Directing protein evolution is used to create proteins with a specific function that can be used in biofuel, pharmaceutical, and medicine manufacturing. Half of the Nobel Prize was awarded to Prof. Arnold, who works on directed evolution of enzymes (proteins that are used to accelerate or direct chemical reactions). The other half, that of Prof. Smith and Sir Winter, celebrated a method called phage display. This process uses viruses to develop specific proteins that can be used for medical purposes.
My personal excitement for this prize
Well, Prof. Arnold is a professor in bioengineering, which is, in my opinion, an underacknowledged field, so that’s pretty cool. And this has nothing to do with the fact that I’ve studied bioengineering. Nothing at all.
The Nobel prize in Physiology or Medicine was awarded to Jim Allison and Tasuku Honjo for their work in cancer therapy. By now, the concept of “immune therapy” may not sound extremely new anymore. However, just think about how amazing it is: someone’s immune system (in other words, an attack system that is already present in your body) can be used to fight cancer cells (which isn’t really straightforward – cancer cells originate from normal cells so are not detected as “foreign” by the immune system).
My personal interest in this prize:
First of all, yay for biology completely highjacking the Nobel Prizes. But on the topic: radiotherapy and chemotherapy are both notorious to have a huge amount of side effect. By effectively using the natural defense system of the body, immune therapy usually is a lot less taxing on a patient, which I think is a laudable goal.
3. The Nobel Prize in Physics (press release)
*Final Drum Roll, please*
My personal input to this prize:
I have two thoughts, first, how has this not won a Nobel Prize yet? Actually, to be honest, I think that quite often when the Nobel Prizes, which is probably why they get a Nobel Prize in the first place. The other thought has to do with the same reason why this prize has been in the press a lot: it has been 55 years since a woman won a physics Nobel prize. Only two other women have a Nobel Prize in Physics to their name: Marie Skłodowska-Curie (obviously!) and Maria Goeppert-Mayer (go google her, now).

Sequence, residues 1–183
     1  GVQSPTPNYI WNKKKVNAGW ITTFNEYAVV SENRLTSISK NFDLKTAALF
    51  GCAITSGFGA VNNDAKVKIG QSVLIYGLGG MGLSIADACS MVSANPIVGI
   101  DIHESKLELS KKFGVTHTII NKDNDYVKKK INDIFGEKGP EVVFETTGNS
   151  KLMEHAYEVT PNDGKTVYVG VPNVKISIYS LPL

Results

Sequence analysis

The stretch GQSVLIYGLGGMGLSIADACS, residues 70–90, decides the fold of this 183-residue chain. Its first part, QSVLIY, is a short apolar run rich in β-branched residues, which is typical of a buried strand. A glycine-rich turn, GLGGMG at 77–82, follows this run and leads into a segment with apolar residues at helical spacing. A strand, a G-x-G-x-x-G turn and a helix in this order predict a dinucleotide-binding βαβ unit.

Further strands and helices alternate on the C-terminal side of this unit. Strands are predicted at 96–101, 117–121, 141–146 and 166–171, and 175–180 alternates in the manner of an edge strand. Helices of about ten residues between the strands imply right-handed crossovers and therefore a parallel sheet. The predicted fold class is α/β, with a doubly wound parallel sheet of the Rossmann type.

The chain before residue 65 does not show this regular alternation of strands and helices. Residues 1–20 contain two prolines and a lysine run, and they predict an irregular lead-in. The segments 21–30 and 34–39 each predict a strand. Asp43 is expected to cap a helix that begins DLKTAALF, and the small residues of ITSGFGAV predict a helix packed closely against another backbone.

Some thoughts on women and Nobel Prizes
Historically, science has always been pretty male-dominated. And even now, women are underrepresented in research: worldwide the female share of persons employed in R&D is approximately 30%
and I will not even
get into high-level academics here.
In terms of Nobel Prizes, as of this year, there have been 49 women who have won Nobel Prizes (that’s all of them), compared to 844 men. In the sciency fields, five women have won the Nobel Prize in Chemistry (2.8%), twelve have won the Nobel Prize in Physiology or Medicine (5.6%), and – as stated – three have won the Nobel Prize in Physics (1.4%). Actually, only one woman has won the Nobel Memorial Prize in Economic Sciences (also 1.4%), but that doesn’t really count as a science anyway!
In any case, none of the Nobel Prizes have a good track record, and it makes me a bit sad that “First woman Physics Nobel winner in 55 years” is a news headline
, but ah well, we may have come some part of the way but we are not there yet.
And until we are, having positive role models of all shapes and sizes and sexes for STEM fields is crucial. As a wannabe science-communicator, or science-populizer if you will, one of my aims is exactly that. So that every child can look up to a scientist and think “that could be me!”
And – even if I say so myself – I think that’s a pretty noble cause.